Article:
Funding for the training came from a combination of individual divers paying for training and through a voluntary tax (or user fee) that dive centers agreed to put on their services. Licenses were only given to dive instructors and dive masters. Since most of these volunteers are foreigners with higher incomes, they were able to pay for the licenses themselves. For about $35, volunteers can purchase a license, a spear, and one hour of training. The voluntary tax revenue is put towards eradication of lionfish from the Bay Island reefs as well as patrolling and environmental education.
Local skilled fishers (mainly from the Garifuna community) are also being trained to catch (without SCUBA), clean, cook, and market lionfish. Lionfish can now be found on the menu of 40 restaurants on Utila and Roatán, with fillets being sold to mainland grocery stores and delis.
How successful has it been?
Spearfishing is decreasing numbers of lionfish in the Bay Islands. However, it is only effective if it is done in conjunction with properly managed areas. Though it is too early to tell the overall effect of the spearfishing initiative, ongoing assessments of the reefs reveal that there is an increase in biomass of reef fish where lionfish are hunted.
An ongoing challenge of the spearfishing project is the potential abuse of permit rights. Some local fishermen, who are trained and given licenses, illegally hunt protected reef fish, such as snapper and grouper. This is clearly seen when patrol boats find these fish speared in local fishers boats around the islands.
Lessons learned and recommendations
- Partnerships between local and international NGOs: The widespread lionfish invasion compelled many local NGOs to come together. This partnership has allowed NGOs to pool their resources and expertise and has led to better managed marine protected areas.
- A united front: The NGOs presenting a united front was important to improving the visibility of Bay Islands’ conservation issues at the national and international level. Where there were once many separately managed MPAs, there is now one large MPA, the Bay Islands National Marine Park. The NGOs coordinate their messages and their initiatives, which has been helpful in asking the government to grant licenses for spearfishing lionfish.
- The need for a “middle man”: International NGOs like CORAL and the Healthy Reefs Initiative, help to create neutral ground in a contentious local NGO environment. The monitoring training also helped to bring together local NGOs.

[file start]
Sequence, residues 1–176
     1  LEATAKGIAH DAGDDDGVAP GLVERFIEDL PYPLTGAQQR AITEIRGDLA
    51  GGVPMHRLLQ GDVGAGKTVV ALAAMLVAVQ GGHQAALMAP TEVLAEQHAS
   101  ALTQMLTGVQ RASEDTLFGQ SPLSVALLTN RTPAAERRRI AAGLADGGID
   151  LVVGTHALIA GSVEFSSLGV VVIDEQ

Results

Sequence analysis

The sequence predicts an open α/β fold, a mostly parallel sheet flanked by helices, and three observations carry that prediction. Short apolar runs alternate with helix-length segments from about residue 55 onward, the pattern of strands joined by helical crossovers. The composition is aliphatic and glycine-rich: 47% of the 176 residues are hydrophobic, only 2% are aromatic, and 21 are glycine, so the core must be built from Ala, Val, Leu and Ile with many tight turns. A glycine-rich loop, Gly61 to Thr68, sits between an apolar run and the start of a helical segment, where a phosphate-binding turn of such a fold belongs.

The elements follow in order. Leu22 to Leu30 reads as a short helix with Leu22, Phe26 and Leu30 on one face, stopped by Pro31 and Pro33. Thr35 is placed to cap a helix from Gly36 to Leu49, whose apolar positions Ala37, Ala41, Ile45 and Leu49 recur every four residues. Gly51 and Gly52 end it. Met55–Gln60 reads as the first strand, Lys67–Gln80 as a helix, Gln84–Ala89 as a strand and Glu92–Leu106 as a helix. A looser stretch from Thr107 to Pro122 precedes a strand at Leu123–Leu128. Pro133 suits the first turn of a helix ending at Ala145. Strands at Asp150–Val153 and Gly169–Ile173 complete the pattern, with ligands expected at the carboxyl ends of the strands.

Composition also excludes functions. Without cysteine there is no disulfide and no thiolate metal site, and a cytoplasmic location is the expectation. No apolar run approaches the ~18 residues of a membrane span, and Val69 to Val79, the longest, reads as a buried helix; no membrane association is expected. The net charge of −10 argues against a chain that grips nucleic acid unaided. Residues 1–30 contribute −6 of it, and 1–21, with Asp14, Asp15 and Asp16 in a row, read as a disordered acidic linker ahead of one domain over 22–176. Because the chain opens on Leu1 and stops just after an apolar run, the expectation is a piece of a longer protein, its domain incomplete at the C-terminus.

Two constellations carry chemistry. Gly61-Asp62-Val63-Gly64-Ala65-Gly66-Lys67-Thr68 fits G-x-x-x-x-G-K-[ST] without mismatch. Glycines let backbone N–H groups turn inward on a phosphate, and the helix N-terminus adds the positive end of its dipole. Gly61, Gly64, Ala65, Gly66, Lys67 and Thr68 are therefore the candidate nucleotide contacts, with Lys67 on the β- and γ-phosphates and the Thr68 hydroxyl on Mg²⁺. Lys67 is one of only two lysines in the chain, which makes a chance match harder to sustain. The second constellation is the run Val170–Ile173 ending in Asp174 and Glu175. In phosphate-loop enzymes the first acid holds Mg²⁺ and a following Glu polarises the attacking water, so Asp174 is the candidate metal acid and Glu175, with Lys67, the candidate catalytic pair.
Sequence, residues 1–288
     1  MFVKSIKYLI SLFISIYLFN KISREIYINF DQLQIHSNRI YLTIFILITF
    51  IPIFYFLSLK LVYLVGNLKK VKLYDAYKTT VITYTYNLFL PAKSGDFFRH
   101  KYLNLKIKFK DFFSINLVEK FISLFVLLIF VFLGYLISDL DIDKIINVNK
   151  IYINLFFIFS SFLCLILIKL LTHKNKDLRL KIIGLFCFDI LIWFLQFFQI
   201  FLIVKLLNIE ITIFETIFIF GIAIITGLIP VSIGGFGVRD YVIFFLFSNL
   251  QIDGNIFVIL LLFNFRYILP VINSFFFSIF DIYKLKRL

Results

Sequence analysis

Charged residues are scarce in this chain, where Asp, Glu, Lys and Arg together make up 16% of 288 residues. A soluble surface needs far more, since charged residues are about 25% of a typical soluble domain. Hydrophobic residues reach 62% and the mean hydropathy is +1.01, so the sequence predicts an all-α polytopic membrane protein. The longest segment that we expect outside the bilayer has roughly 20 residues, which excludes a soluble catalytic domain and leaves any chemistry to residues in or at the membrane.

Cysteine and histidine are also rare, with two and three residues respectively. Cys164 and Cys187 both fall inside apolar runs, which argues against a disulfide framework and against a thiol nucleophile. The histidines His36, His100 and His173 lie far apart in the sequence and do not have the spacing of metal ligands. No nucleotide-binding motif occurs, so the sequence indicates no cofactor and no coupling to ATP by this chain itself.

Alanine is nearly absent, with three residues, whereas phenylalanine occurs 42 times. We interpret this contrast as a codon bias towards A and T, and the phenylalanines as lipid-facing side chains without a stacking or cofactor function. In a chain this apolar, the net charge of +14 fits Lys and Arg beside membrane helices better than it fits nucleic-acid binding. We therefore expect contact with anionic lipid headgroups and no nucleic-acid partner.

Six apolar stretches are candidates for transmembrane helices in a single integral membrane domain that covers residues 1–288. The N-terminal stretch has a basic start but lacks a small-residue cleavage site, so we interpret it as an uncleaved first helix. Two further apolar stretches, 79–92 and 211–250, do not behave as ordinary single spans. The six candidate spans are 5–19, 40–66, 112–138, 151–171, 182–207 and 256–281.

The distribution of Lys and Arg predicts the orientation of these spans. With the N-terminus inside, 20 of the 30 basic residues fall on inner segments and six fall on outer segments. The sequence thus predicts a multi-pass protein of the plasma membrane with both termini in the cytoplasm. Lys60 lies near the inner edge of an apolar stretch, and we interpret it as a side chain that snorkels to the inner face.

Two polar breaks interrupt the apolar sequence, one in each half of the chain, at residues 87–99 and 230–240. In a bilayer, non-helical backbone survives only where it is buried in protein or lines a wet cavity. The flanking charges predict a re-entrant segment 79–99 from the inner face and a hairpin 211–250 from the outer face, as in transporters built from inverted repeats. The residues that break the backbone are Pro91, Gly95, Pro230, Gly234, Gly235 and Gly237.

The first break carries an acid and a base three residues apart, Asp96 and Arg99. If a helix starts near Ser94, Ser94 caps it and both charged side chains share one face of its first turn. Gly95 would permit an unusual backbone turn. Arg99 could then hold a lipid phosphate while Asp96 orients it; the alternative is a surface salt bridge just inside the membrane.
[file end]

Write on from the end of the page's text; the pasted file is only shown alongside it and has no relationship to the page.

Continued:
- Spearfishing only works with concurrent management: Reefs that were found to be more resilient to the lionfish invasion were those reefs that were already adequately managed. For example, areas that had better water quality and higher levels of surveillance/enforcement had higher populations of grouper (Epinephelus sp. and Mycteroperca sp.) and other animals that predate lionfish. In areas with higher diversity, unlikely predators might emerge. For example, sharks and eels have been found to prey on lionfish and sharks can be trained by divers to eat lionfish. In shark sanctuary sites there are fewer and smaller lionfish than in sites with fewer sharks.
Eighty percent of the enforcement and environmental education projects carried out by the Roatán Marine Park are funded through voluntary taxes from dive shops and an eco-store that is locally managed. About 20% of program work is funded through grants.
Government of Honduras
Lionfish Guide to Control and Management (pdf)
Written by: Ian Drysdale, Honduras Coordinator for the Healthy Reefs Initiative
Jenny Myton, Honduras Field Rep for the Coral Reef Alliance
Giacomo Palavicini, Executive Director of the Roatán Marine Park
This case study was adapted from: Cullman, G. (ed.) 2014. Resilience Sourcebook: Case studies of social-ecological resilience in island systems. Center for Biodiversity and Conservation, American Museum of Natural History, New York, NY.